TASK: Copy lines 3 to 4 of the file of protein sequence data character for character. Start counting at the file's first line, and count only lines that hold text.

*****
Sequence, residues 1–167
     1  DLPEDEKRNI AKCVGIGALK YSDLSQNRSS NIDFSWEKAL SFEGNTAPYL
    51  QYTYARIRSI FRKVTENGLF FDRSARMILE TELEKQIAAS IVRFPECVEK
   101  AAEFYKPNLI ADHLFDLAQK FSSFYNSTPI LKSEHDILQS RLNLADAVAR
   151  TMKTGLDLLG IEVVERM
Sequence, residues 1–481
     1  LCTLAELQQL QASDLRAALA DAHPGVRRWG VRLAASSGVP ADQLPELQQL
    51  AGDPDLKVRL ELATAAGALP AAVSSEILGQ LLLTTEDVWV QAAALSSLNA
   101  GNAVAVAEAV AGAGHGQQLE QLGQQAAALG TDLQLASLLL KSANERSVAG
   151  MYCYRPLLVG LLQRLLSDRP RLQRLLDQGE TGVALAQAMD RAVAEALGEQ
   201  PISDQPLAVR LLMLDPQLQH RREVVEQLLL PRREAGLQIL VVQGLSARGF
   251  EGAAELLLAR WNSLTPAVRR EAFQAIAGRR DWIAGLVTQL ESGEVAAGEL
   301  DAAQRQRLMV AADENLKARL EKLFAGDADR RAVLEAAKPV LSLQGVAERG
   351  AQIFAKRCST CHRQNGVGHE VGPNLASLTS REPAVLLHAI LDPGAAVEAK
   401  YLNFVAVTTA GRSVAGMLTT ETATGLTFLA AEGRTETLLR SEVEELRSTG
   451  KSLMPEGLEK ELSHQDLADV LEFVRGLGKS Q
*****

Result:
    51  QYTYARIRSI FRKVTENGLF FDRSARMILE TELEKQIAAS IVRFPECVEK
   101  AAEFYKPNLI ADHLFDLAQK FSSFYNSTPI LKSEHDILQS RLNLADAVAR